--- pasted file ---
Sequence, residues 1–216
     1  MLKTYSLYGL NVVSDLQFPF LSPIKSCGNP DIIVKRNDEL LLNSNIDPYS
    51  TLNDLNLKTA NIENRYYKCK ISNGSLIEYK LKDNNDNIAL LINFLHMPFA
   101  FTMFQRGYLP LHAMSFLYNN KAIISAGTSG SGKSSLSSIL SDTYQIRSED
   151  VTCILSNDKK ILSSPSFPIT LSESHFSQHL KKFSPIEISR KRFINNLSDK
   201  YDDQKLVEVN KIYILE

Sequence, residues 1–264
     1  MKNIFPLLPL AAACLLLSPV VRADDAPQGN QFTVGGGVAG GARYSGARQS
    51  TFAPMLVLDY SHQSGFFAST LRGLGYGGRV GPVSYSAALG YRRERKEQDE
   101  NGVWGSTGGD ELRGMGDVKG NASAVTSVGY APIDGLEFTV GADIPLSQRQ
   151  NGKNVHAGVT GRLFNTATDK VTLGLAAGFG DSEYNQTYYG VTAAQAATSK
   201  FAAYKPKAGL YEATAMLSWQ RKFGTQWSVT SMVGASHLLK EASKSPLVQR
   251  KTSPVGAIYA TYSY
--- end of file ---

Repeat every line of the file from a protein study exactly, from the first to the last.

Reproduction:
Sequence, residues 1–216
     1  MLKTYSLYGL NVVSDLQFPF LSPIKSCGNP DIIVKRNDEL LLNSNIDPYS
    51  TLNDLNLKTA NIENRYYKCK ISNGSLIEYK LKDNNDNIAL LINFLHMPFA
   101  FTMFQRGYLP LHAMSFLYNN KAIISAGTSG SGKSSLSSIL SDTYQIRSED
   151  VTCILSNDKK ILSSPSFPIT LSESHFSQHL KKFSPIEISR KRFINNLSDK
   201  YDDQKLVEVN KIYILE

Sequence, residues 1–264
     1  MKNIFPLLPL AAACLLLSPV VRADDAPQGN QFTVGGGVAG GARYSGARQS
    51  TFAPMLVLDY SHQSGFFAST LRGLGYGGRV GPVSYSAALG YRRERKEQDE
   101  NGVWGSTGGD ELRGMGDVKG NASAVTSVGY APIDGLEFTV GADIPLSQRQ
   151  NGKNVHAGVT GRLFNTATDK VTLGLAAGFG DSEYNQTYYG VTAAQAATSK
   201  FAAYKPKAGL YEATAMLSWQ RKFGTQWSVT SMVGASHLLK EASKSPLVQR
   251  KTSPVGAIYA TYSY